Suitable sources of exciting radiation are materials which emit electromagnetic radiation or an electron beam. The exciting radiation source should not emit radiation of a type which will excessively damage either the substrate or the component which emits light. However, there should be sufficient energy to excite the luminescent component. Thus, the power and energy of the exciting radiation should be sufficient to excite the luminescent component but not unduly damage either the substrate or the component therein. The exciting radiation can, for example, be ultraviolet light, visible light, infrared light, or an electron beam. Preferably, the exciting radiation is an electron beam.
Typical sources of exciting radiation and their energy ranges are given below:
______________________________________Source Energy level______________________________________1. Electron beam 100 to 106 electron volts (ev), preferably about 2000 to 600,000 ev, especially about 2000 to 300,000 ev. About 0.25 × 106 (ev) is preferred for large laser structures.2. Photon sourcea. UV pump energy 3 ev to 9 evb. Visible pump 1.5 ev to 3 evc. Infrared 0.1 ev to 1.5 ev______________________________________
Laser materials which can be used in accordance with the invention are, for example, solid state lasers or liquid lasers. The inventive pumping means may even be useful with gaseous lasers. The solid state lasers are glasses with rare earth ions such as Nd, Er, and Yb, e.g., Nd doped phosphate or silicate glasses, Nd YAG (yttrium aluminum garnet), GaAs, and titanium sapphire, amongst others. The liquid laser media are typically dye lasers, e.g., Rhodaine 6G® and other suitable organic dyes. Suitable laser materials are described in Amnon Yariv's, Introduction to Optical Electronics, Holt, Reinhart, and Winston, Inc. (1971).
The operational mode of the laser is preferably a pulse mode; however, the laser may operate continuous wave in certain cases where the kinetics of the laser allow it. For example, if the rate of excitation exceeds the rate of deactivation of the laser state, continuous operation may be possible.
The peak intensity of the flash lamp according to the invention, especially for aerogel substrates, can be orders of magnitude greater than that of conventional flash lamps.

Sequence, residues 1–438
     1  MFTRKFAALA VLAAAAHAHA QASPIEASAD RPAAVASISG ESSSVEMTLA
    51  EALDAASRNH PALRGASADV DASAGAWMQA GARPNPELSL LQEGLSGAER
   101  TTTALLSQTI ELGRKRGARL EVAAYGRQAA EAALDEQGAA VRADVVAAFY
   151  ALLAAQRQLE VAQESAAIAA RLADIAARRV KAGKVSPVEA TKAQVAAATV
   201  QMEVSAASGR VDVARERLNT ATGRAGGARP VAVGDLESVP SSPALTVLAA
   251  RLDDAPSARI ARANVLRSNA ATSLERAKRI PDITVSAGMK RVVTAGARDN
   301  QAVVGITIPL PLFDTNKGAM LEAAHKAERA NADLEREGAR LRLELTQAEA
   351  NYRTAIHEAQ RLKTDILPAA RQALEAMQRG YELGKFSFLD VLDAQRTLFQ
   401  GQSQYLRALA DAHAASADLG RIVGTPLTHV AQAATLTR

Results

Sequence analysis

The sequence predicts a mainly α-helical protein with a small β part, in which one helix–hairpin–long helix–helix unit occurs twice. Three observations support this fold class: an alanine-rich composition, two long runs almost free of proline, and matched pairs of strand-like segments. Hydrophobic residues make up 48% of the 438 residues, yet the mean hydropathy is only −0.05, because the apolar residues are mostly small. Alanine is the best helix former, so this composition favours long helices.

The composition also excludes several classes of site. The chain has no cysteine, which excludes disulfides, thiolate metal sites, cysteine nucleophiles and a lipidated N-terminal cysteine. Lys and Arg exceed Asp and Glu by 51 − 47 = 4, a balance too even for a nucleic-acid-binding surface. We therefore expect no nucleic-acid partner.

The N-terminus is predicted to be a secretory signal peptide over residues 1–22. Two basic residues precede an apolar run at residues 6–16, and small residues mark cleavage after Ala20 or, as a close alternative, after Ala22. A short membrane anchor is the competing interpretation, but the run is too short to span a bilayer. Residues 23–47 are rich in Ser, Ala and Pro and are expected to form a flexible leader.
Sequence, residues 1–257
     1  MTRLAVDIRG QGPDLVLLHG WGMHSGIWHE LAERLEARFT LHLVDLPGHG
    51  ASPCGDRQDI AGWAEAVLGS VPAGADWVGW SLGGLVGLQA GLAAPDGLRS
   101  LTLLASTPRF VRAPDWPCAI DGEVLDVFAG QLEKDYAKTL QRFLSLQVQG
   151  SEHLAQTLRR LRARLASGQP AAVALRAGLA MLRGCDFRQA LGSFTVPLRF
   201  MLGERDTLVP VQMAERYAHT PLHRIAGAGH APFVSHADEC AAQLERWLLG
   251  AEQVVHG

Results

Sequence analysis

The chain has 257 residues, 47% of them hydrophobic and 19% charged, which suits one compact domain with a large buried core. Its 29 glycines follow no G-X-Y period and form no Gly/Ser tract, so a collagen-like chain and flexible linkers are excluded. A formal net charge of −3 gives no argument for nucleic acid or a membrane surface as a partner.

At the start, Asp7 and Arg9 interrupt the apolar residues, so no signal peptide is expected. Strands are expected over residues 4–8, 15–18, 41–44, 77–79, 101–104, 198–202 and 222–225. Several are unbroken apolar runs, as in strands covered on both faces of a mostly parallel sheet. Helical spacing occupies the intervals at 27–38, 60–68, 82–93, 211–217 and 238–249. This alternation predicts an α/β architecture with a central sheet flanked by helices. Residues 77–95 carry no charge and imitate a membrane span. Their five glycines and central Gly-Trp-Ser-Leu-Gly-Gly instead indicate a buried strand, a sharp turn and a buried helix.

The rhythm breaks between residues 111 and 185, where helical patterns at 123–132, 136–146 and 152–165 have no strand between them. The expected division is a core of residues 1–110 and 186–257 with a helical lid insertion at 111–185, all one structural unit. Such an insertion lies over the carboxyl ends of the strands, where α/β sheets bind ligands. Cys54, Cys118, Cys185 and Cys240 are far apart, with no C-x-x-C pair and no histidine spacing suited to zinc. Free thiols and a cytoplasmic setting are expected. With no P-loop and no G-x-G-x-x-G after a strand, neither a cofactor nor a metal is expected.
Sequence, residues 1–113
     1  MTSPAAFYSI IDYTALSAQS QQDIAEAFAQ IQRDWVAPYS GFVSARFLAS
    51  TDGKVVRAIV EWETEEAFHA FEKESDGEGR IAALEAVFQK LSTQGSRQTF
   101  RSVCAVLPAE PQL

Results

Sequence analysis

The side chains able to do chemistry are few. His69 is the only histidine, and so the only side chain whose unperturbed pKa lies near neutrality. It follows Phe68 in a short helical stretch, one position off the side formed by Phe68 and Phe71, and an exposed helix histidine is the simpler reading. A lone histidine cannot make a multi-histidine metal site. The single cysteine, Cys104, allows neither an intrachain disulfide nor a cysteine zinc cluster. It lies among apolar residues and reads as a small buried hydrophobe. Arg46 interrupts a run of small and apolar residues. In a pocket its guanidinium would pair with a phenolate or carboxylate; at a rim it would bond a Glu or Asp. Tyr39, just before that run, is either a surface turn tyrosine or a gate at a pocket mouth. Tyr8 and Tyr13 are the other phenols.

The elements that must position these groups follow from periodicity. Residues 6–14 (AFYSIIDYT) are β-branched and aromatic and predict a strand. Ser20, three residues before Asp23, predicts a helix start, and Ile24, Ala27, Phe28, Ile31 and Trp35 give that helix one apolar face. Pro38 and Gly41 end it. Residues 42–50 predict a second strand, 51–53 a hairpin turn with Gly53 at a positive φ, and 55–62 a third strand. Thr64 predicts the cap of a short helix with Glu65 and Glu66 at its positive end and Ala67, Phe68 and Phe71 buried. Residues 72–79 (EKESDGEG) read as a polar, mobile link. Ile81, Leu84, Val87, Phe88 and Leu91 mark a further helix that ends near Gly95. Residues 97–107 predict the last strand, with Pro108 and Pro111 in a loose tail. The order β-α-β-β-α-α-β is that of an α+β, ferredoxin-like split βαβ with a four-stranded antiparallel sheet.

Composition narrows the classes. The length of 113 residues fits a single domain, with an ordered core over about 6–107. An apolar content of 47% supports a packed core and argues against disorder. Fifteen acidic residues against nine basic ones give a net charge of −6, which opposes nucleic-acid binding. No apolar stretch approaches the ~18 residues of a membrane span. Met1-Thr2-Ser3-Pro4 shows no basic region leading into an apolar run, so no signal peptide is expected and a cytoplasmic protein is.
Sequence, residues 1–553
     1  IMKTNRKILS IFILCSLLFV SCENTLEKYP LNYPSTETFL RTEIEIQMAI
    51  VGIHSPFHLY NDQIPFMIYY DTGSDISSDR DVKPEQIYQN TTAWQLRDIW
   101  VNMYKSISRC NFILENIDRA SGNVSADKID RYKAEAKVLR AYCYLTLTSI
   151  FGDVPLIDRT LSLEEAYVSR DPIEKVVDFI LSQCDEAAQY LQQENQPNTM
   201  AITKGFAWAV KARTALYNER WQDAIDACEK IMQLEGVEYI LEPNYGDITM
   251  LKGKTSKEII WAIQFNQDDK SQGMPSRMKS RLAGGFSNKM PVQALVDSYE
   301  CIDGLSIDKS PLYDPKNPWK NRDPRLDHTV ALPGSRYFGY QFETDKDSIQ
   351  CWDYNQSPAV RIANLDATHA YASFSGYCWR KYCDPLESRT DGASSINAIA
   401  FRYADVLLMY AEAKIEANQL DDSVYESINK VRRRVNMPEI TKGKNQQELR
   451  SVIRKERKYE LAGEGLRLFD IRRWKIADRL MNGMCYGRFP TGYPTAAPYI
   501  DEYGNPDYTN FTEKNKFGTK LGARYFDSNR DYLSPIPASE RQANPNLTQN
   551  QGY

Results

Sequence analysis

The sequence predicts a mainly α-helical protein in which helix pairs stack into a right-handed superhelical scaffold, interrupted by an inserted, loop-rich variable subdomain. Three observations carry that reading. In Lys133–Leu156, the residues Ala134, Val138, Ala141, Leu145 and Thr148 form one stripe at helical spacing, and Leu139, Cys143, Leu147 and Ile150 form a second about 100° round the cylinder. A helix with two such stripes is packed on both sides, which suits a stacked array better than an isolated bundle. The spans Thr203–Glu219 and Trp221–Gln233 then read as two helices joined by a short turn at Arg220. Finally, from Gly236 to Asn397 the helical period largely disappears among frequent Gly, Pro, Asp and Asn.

In the context of the invention, the arrangement of laser material, pumping lamp, and resonators is in accordance with conventional lasers systems. Similarly, aside from the employment of the novel pumping lamp described herein, the operation of the laser system of the invention is in accordance with known laser systems. The fluorescent lifetimes of laser material which can be used with the inventive pumping lamp can vary widely, for example, from less than 10-9 sec to 10-2 sec.
The composition employed as a light source or pumping means in accordance with the invention is preferably a volumetric light source, i.e., a light source in which the intensity of the emitted light can, to a certain degree, be increased by increasing the thickness of the composition. In accordance with the invention, volumetric light sources are preferred due to their ability to emit a high intensity of light by utilizing exciting radiation which can penetrate into the porous substrate.
However, the composition can function as a surface light source such as the phosphor layers employed in conventional radioluminescent (CRL) lamps. If the porous substrate is, for example, loaded to a high degree with the luminescent component, the excessive amount of luminescent component can cause scattering or absorption of emitted light so that the composition functions as a surface light source. While surface light sources are less preferred, such compositions still possess advantages over conventional flash lamps, e.g., low density, high strength, low coefficient of thermal expansion, etc. For a discussion of surface and volumetric light sources, see Walko et al., "Volumetric Light Source Theory," Radioluminescent Lighting Technology, Chapter 10, DOE Technology Transfer Conference Proceedings, Sep. 25-26, 1990, Annapolis, Md.
The pumping means according to the invention can also involve light trapping and wave quiding. This effect could be utilized to make a light source using thin sheets or long whiskers of, for example, transparently luminescently doped ZnS excited through its entire surface by a suitable exciting radiation source. The resultant light generated in the doped ZnS sheet or doped ZnS long whisker would then be wave guided to the edges of the sheet or the end of the whisker. This light would be intensified since nearly all the light produced in the ZnS volume would emerge from a small area.
Also, incorporating silica fibers in, for example, a phosphor/aerogel composite may provide a directional light source with a higher intensity. The fibers could aid in waveguiding light out from regions beyond the optical depth of the composite.
For ZnS sheets/whiskers to act as a useful waveguide, the main consideration is that the medium in contact with the sheets/whiskers must maintain a lower index of refraction than the ZnS during the light source's active lifetime.
As discussed above, one embodiment according to the invention involves a powdered phosphor dispersed throughout an aerogel and excited by the exciting radiation source. The resulting light is scattered out of the volume of the composition by the small, highly reflective phosphor particles. In the waveguide approach, the ZnS sheet could be thought of as an "extended" phosphor particle if it is cut and polished from a single crystal. The light generated in the sheet would then be guided out of the interior of the composite, being confined to the sheet by total internal reflection.